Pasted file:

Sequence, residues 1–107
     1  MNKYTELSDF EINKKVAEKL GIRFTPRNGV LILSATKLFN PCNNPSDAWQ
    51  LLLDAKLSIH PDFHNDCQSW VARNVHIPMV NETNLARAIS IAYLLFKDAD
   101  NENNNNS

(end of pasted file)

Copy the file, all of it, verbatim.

Sequence, residues 1–107
     1  MNKYTELSDF EINKKVAEKL GIRFTPRNGV LILSATKLFN PCNNPSDAWQ
    51  LLLDAKLSIH PDFHNDCQSW VARNVHIPMV NETNLARAIS IAYLLFKDAD
   101  NENNNNS